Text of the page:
• Trollhaugen’s Take the Rake campaign combined inclusivity and fun to influence change in one of the most male-dominated segments of ski industry ops. This preseason terrain park, built entirely by women, drew talent from ski areas across the country and paid them to participate, multiplying the impact and inspiration beyond Trollhaugen to set an example industry wide. Judges agreed that this first-of-its-kind, inclusive opportunity needs to be more prevalent in skiing and riding; perhaps the most appreciated component of Take the Rake was its potential to be replicated at other areas, within other departments or during subsequent years. Even better than sparking more events just like it? In the words of Marsha Hovey, Trollhaugen’s marketing director, “That it just becomes commonplace to have women in the room when parks are being designed.”

Best Social Media Campaign

  • Winner: Seven Springs, Pennsylvania
    • Everyone with a social media account and even an inkling of interest in skiing saw this one: A woman fights to descend slippery stairs in ski boots at Seven Springs, stealing the show from what was otherwise a relatively standard daily snow report update. With more than 11 million views on Twitter, close to 130,000 views on Instagram and more than a half million views on Facebook, the struggling skier (aptly named Mrs. Bean) video brought the small ski area some big attention. Seven Springs even managed to keep that momentum going for the Mrs. Bean videos that followed. Judges loved this relatable and believable video, and many kudos go out to the actress for selling the struggle, which could have easily slid into over-the-top territory. While one or two judges thought that this could be considered insensitive or a cheap shot, the fact that it was staged and so effective in the current sphere of viral marketing gets the ski area a pass — as does the rest of this brilliant video campaign.
  • Mountain Creek Resort, New Jersey
    • Mountain Creek used some fun and proven strategies this season to grow its social media following and reach (Instagram 22%, 63% and Facebook 5%, 32%, respectively), as well as implement a new channel, TikTok. By keeping a pulse on pop culture references, the ski area carried on its tradition of entertaining and informing through the timely use of memes, incorporating their new mascot, Vern, into the mix for a 31% increase in Facebook and Instagram reach. Mountain Creek also excels at inspiring and promoting UGC through its own posts and stories for a successful and self-sustaining feedback loop where guests feel recognized and motivated to keep mentioning the ski area. Through a close partnership between the social media and hospitality teams, Mountain Creek was also able to drive guest traffic and revenue this season through F&B and lodging campaigns, with longer visits and increased dining revenues as a result.
  • Wild Mountain, Minnesota
    • Wild Mountain went full send on TikTok with a committed Wild Stallions campaign that could only be found on this relatively new platform. Judges liked the interesting mix of UGC, old movies, gifs and spoofs on pop culture, and appreciated how effectively Wild Mountain drove engagement and built an audience there — the 10-part series grew its following to 2,682 (larger than many of the industry’s biggest players) and received 35,300 likes in just a few months, with 127,000 views in just the last 60 days before submitting their application. Using free footage allowed the ski area to keep costs very minimal, creating awareness and engagement around Wild Mountain’s terrain park for a total spend of $1,788 (video editing and social media promotion).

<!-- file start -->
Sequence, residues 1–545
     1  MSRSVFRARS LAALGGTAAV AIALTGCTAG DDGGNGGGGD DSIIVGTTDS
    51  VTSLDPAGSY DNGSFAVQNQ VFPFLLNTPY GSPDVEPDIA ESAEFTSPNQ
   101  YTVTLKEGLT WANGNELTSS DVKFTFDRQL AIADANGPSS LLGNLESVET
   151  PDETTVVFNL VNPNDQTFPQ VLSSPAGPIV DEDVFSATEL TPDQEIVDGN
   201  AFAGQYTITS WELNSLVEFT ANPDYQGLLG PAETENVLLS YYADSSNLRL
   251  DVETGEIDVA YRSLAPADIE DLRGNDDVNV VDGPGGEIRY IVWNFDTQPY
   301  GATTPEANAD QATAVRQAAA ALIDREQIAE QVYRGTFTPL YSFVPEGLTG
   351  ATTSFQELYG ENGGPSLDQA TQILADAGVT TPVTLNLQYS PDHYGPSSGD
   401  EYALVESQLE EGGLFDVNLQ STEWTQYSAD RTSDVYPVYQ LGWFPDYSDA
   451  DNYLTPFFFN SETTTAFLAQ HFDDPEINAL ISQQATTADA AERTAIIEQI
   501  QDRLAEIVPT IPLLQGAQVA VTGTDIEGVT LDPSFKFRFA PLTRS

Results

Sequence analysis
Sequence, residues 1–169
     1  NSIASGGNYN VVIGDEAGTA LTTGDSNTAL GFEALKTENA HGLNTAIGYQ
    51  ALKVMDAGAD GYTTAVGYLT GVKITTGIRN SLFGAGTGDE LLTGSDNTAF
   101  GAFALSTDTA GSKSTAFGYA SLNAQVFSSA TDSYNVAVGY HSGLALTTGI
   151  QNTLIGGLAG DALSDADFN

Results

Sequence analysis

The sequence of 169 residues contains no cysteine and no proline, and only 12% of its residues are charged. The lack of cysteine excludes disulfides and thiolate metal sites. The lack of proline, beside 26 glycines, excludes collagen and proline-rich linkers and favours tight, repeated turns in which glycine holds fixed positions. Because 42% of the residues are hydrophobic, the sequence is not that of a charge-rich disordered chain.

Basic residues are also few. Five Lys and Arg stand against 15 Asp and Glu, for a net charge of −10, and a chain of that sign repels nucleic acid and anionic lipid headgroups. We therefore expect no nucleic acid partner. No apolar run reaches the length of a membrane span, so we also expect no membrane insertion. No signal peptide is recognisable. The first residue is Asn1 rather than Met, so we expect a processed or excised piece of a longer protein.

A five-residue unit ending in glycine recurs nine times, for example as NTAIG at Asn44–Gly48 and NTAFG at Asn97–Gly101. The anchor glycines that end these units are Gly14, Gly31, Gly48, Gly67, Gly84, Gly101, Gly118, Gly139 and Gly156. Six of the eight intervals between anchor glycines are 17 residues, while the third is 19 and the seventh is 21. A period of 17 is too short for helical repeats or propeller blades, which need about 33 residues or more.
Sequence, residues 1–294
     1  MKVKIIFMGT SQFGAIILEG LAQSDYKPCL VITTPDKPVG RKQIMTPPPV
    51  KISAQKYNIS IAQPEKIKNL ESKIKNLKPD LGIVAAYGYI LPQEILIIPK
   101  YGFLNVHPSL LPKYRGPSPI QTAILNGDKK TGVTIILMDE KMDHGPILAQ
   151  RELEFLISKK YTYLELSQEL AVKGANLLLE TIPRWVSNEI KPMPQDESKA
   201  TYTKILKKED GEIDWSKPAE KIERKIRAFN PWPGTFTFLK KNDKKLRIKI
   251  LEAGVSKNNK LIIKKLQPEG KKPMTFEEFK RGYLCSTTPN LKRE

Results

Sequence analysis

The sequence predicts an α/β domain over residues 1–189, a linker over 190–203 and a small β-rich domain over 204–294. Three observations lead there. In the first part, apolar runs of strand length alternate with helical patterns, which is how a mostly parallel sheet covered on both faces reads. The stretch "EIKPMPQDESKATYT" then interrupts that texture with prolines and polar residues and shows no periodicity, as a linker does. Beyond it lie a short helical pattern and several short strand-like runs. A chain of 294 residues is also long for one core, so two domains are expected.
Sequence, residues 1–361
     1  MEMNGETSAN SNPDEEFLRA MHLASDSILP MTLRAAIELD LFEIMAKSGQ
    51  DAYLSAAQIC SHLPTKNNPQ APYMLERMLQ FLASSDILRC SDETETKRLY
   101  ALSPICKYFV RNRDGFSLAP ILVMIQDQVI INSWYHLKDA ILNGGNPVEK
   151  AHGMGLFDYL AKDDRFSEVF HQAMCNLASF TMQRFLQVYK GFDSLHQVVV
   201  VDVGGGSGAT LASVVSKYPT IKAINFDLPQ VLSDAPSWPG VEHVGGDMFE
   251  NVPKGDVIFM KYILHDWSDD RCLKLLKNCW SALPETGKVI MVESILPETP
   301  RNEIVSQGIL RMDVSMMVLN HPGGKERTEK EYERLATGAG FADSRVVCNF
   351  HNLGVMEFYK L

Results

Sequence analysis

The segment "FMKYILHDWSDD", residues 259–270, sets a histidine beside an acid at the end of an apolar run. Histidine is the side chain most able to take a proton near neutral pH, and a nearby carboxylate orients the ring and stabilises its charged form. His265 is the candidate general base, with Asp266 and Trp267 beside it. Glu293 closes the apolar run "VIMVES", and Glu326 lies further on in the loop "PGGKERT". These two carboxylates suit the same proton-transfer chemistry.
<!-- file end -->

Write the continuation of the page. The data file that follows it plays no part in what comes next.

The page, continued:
Best Use of Video

  • Winner: Granite Peak Ski Area, Wisconsin
    • Granite Peak set out to highlight its history without seeming old or stodgy. The ski area absolutely delivered with punny videos featuring a fairytale spin for a clear and consistent theme that highlights all areas of the hill. The Legends of Granite Peak series was entertaining and informative with clean graphics and production value, making for a fun, creative campaign that contributed to some solid season pass growth in both revenue and units sold. With characters like Little Shred Riding Hood and Senderella, who had a ball at Granite Peak (even if she never put her goggles down), and lines like “once upon a pine,” judges thought the clever videos showcased well-developed archetypes that represented unique attributes and diversity of terrain across the ski area, from glades and the terrain park to night skiing. One judge had perhaps the highest compliment that can be paid to an ad campaign: “It made me want to visit.”
  • Alta Ski Area, Utah
    • From Alta’s well-done, highly engaging and educational Steeped in Tradition video series comes an episode covering the phenomenon known as Interlodge. In this video, the ski area takes the viewer through a visual tour that showcases the meaning of the term with footage from last year’s longest Interlodge lockdown event ever, as well as some historical Interlodge happenings and behind the scenes of what makes Little Cottonwood Canyon skiing so special and deserving of respect. Judges appreciated the solid storytelling and editing along with the homage to the past. Alta also did a great job creating different, but all compelling, cuts for this video with several trailers and was smart to work with partners on distribution to garner 125,000 video views in just over a month. Kudos are also in order for the snow safety professionals and the staff who manage guests during Interlodge.
  • Trollhaugen, Wisconsin
    • From a question about why more women aren’t involved in terrain park builds at ski areas to an event where women made up the entire crew instead of being the token member, Trollhaugen’s Take the Rake campaign combined inclusivity and fun to influence change in one of the most male-dominated segments of ski industry ops. This preseason terrain park, built entirely by women, drew talent from ski areas across the country and paid them to participate, multiplying the impact and inspiration beyond Trollhaugen to set an example industry wide. The video component of this campaign was especially impressive as it showcased the build process and the women and sponsors involved, as well as the creative features and riding styles coming out of the final product.

Thank you to our gracious sponsor of the 2022 Marketing Awards, Doppelmayr.